Former U.S. Senator Chuck Hagel, facing a possible nomination to become Secretary of Defense, today retracted anti-gay comments he made in 1998. Hagel, during the nomination hearing of James Hormel to be ambassador to Luxembourg, called him “openly aggressively gay,” as has come under fire from LGBT organizations.
“My comments 14 years ago in 1998 were insensitive,” Hagel said today via a statement. “They do not reflect my views or the totality of my public record, and I apologize to Ambassador Hormel and any LGBT Americans who may question my commitment to their civil rights. I am fully supportive of ‘open service’ and committed to LGBT military families.”
Hagel was a conservative Republican Senator from Nebraska whose views moderated toward the end of his senate career. Hormel went on to become America’s first out ambassador via a recess appointment by President Clinton.
“Senator Hagel’s apology and his statement of support for LGBT equality is appreciated and shows just how far as a country we have come when a conservative former Senator from Nebraska can have a change of heart on LGBT issues,” Human Rights Campaign (HRC) President Chad Griffin said via a statement. “Our community continues to add allies to our ranks and we’re proud that Senator Hagel is one of them.
“The next Defense Secretary should get off to a fast start and ensure LGBT military families have access to every possible benefit under the law. Every day these families continue to face unfair treatment and the Secretary can take meaningful action to remedy this discrimination.”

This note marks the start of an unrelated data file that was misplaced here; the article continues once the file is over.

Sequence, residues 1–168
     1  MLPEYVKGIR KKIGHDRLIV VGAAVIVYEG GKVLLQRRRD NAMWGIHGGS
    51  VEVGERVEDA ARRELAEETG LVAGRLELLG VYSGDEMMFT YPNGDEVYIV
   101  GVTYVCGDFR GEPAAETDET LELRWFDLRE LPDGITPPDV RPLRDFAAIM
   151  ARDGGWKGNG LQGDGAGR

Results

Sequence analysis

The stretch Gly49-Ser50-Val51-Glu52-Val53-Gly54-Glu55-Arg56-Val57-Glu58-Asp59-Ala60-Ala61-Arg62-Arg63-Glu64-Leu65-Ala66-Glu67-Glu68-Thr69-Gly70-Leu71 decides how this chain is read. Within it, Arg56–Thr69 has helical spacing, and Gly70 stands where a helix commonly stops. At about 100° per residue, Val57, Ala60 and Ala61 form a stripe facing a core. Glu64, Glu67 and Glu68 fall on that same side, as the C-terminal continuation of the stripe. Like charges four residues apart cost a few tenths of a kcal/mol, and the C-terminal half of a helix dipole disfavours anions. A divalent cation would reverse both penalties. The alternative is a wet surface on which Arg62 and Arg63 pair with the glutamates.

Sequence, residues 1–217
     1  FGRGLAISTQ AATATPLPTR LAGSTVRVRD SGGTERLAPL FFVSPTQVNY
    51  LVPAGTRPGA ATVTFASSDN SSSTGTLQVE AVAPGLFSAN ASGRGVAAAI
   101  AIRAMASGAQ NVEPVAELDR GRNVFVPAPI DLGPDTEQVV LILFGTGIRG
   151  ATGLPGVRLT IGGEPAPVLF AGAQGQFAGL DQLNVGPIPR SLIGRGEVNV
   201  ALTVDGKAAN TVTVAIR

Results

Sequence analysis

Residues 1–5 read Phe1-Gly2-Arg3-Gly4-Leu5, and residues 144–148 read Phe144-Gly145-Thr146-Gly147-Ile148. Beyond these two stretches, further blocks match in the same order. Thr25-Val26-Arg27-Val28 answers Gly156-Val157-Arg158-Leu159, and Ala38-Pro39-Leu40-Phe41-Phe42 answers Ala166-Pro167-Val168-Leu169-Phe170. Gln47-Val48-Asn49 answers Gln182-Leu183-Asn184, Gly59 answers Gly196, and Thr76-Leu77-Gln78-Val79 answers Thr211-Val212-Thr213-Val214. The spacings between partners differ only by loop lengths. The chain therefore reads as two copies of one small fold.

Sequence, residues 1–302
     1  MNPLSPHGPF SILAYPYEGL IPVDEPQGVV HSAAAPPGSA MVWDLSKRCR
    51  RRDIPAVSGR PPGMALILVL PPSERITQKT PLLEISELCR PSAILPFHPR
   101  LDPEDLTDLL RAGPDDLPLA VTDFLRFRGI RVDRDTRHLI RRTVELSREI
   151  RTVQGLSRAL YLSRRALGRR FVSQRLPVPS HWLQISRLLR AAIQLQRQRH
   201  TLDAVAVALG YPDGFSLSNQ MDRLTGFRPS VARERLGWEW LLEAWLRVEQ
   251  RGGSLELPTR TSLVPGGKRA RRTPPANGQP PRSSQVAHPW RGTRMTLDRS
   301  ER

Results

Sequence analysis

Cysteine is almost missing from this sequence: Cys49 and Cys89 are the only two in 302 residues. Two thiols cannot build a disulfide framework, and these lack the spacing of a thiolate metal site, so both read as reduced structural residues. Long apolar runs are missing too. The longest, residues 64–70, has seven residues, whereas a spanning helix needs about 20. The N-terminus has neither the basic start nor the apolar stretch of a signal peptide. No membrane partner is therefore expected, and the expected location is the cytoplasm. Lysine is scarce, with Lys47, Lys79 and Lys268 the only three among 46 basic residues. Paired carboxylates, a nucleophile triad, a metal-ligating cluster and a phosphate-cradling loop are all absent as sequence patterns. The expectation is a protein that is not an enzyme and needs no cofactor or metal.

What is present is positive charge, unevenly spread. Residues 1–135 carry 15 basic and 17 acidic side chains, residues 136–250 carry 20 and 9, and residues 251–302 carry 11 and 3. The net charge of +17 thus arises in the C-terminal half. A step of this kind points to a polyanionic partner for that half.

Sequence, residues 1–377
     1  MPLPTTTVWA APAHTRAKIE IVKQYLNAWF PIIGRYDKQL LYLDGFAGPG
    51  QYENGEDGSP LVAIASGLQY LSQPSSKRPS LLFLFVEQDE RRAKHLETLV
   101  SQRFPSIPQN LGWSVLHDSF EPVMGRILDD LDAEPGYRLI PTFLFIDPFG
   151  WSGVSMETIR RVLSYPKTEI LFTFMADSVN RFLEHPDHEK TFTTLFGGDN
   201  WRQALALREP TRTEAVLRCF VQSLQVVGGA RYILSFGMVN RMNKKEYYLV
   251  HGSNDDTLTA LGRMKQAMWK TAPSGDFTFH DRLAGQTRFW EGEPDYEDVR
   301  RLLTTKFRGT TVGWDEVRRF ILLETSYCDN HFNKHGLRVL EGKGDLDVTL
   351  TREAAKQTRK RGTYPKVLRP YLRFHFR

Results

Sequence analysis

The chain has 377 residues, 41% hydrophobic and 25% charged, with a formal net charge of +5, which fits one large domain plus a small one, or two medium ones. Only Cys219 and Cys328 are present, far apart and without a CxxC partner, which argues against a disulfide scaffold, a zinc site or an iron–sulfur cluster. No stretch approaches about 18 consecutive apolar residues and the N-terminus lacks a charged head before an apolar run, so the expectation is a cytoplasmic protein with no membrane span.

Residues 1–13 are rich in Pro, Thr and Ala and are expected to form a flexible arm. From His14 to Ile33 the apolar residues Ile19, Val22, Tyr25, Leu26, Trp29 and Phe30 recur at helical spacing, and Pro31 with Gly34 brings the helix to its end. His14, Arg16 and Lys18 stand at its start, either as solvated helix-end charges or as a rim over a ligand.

OutServe-SLDN Executive Director Allyson Robinson expressed reserved optimism:
“We are pleased that Senator Hagel recognized the importance of retracting his previous statement about Ambassador Hormel and affirming his commitment to Don’t Ask, Don’t Tell repeal and LGBT military families. We look forward to learning more about his commitment to full LGBT military equality as this confirmation process unfolds.”
The New York Times explains the concerns further:
Mr. Hagel, a Republican and a member of the Senate Foreign Relations Committee, was approached by his fellow Nebraskan in the Senate, Bob Kerrey, on behalf of Mr. Hormel, whose nomination was being held up by conservative Republicans.
Mr. Hagel did not oppose the nomination when Mr. Hormel came before the panel. But he later spoke out against it, saying that an “openly, aggressively gay” man should not represent the United States.
“They are representing America,” Mr. Hagel said in an interview with The Omaha World-Herald. “They are representing our lifestyle, our values, our standards. And I think it is an inhibiting factor to be gay — openly, aggressively gay like Mr. Hormel — to do an effective job.”
Gay rights groups said Mr. Hagel’s comments raised questions about his ability to implement the repeal of the law prohibiting openly gay people from serving the military. In 1999, he said he opposed repealing the law, telling The New York Times that “the U.S. armed forces aren’t some social experiment.”
“For him to be an appropriate candidate for any administration post, he must repudiate his comments about Ambassador Hormel,” said Chad Griffin, the president of the Human Rights Campaign, a national group that promotes gay rights.
Image via Wikimedia Commons
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